What are the other Names for this Condition? (Also known as/Synonyms)
- Angiofollicular Hyperplasia
- Angiofollicular Lymph Node Hyperplasia
- Benign Angiofollicular Hyperplasia
What is Castleman Disease? (Definition/Background Information)
- Castleman Disease (CD), a disease of lymph node and related organs, is a rare condition characterized by the abnormal proliferation of lymphocytes (a type of white blood cell)
- The condition may be localized to a single group of lymph nodes (unicentric) or may involve many lymph nodes and organs containing lymphoid tissue (multicentric)
- Enlarged lymph nodes are a common feature of this disease, and the diagnosis is usually made by a tissue biopsy
- The prognosis of Castleman Disease depends on the extent of the disease, and an individual’s response to treatment
Who gets Castleman Disease? (Age and Sex Distribution)
- Being a rare condition, the age group and sex predominance of this disease, is not established. Both children and adults can be affected by Castleman Disease
- The unicentric type is more common in the younger population, whereas older adults and those infected with HIV, are more likely to develop multicentric type of Castleman Disease
- No racial or ethnic predilection is observed
What are the Risk Factors for Castleman Disease? (Predisposing Factors)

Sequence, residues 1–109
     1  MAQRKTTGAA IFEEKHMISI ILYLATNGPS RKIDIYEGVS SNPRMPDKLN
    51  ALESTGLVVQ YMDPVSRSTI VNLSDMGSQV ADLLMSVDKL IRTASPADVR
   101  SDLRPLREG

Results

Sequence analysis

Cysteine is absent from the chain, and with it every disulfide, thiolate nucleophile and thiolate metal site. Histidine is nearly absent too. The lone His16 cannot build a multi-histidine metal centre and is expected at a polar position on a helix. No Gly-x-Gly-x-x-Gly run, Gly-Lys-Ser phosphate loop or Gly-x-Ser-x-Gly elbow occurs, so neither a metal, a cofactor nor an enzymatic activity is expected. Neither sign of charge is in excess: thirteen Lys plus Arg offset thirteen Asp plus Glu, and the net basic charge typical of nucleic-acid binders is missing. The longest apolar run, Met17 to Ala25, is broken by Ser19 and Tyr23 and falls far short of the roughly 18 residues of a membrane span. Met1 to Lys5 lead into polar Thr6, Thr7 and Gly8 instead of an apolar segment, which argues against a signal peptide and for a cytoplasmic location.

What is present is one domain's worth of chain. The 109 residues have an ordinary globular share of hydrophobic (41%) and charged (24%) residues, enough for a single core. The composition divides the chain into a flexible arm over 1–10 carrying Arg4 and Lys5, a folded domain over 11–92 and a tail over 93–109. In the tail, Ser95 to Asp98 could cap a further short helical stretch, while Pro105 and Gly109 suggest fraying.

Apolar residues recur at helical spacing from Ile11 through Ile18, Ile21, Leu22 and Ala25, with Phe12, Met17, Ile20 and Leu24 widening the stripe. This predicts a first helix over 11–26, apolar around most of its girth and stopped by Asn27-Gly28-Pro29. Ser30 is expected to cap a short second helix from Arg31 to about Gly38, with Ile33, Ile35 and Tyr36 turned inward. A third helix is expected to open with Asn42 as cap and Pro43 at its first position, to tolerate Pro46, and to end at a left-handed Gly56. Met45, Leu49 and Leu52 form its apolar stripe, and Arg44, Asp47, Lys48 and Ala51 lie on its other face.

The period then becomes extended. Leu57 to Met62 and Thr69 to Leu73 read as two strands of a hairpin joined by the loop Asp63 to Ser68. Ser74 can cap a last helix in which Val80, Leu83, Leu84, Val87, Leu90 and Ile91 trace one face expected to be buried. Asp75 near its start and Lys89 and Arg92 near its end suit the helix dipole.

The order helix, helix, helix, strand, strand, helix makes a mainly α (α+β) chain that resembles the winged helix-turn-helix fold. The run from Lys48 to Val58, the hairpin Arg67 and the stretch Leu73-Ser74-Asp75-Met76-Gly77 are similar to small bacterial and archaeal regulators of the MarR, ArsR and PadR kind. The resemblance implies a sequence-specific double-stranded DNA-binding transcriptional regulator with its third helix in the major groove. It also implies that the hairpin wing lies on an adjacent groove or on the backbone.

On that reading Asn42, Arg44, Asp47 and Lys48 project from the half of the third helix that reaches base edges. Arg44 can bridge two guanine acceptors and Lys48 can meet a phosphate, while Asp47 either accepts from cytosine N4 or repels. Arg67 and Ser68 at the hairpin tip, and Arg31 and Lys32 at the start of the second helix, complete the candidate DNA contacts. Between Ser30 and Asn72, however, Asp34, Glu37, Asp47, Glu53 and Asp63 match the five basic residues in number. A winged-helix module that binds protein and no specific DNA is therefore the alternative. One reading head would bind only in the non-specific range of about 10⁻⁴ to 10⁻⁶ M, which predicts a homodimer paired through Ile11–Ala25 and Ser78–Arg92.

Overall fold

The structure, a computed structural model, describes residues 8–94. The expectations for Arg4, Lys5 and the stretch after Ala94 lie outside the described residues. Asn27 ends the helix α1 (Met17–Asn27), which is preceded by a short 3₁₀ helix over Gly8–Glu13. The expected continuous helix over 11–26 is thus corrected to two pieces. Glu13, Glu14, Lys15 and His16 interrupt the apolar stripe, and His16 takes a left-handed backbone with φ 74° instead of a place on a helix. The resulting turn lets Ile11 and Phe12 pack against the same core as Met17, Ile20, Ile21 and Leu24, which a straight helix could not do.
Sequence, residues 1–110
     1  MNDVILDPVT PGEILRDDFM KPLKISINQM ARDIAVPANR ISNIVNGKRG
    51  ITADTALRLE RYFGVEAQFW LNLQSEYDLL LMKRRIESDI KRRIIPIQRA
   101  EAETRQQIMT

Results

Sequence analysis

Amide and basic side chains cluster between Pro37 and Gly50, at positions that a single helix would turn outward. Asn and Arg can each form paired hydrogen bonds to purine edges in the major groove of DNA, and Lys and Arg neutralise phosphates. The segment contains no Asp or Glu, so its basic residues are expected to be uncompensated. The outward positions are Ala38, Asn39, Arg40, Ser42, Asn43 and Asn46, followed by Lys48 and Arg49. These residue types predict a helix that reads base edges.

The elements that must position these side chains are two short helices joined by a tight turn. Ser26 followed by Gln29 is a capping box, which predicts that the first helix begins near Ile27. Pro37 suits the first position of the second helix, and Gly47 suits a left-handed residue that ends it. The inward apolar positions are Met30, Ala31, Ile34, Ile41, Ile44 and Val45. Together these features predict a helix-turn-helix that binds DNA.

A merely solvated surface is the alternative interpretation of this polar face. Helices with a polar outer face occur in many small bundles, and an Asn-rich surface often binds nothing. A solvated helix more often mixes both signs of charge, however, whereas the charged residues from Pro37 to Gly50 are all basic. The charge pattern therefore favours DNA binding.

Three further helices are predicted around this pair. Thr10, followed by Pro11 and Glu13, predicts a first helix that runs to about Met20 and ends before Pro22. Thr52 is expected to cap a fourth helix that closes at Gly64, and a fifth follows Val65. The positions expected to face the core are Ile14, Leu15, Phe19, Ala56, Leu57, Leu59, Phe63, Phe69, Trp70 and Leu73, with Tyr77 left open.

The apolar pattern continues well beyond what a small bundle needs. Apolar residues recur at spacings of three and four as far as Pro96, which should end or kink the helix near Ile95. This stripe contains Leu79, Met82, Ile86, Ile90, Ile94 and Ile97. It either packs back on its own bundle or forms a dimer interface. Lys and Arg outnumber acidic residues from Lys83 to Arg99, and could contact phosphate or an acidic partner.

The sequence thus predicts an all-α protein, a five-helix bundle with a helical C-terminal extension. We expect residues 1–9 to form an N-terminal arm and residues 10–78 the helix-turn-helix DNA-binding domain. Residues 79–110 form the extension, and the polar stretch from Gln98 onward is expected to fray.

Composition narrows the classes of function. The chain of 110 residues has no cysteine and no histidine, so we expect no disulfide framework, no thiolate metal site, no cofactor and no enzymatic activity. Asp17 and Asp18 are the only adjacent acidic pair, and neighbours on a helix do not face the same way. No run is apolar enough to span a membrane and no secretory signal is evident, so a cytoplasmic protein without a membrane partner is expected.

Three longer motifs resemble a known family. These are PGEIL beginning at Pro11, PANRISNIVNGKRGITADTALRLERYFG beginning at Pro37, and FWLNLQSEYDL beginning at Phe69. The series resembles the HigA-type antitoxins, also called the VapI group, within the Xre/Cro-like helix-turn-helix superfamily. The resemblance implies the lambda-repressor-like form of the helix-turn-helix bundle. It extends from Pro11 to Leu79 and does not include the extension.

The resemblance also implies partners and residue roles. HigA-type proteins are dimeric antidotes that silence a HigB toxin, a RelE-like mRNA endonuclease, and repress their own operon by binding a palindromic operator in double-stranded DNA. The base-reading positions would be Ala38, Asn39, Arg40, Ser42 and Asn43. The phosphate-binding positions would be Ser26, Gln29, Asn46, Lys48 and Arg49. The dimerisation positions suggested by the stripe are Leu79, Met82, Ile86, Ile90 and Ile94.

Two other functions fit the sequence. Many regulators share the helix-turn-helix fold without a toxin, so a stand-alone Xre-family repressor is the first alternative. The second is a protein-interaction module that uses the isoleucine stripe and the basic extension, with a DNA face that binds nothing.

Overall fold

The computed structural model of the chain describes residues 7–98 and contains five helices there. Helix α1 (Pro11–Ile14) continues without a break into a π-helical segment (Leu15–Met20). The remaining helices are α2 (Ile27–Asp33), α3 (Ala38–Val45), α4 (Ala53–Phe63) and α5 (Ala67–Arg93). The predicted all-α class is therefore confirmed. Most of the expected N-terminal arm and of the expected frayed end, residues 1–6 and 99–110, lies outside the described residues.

There are no established predisposing factors associated with Castleman Disease; however, multicentric CD sometimes occurs in people with AIDS (caused by the human immunodeficiency virus).
It is important to note that having a risk factor does not mean that one will get the condition. A risk factor increases ones chances of getting a condition compared to an individual without the risk factors. Some risk factors are more important than others.
Also, not having a risk factor does not mean that an individual will not get the condition. It is always important to discuss the effect of risk factors with your healthcare provider.
What are the Causes of Castleman Disease? (Etiology)
The exact cause of Castleman Disease is unknown; though, certain theories have been proposed by some researchers. These include: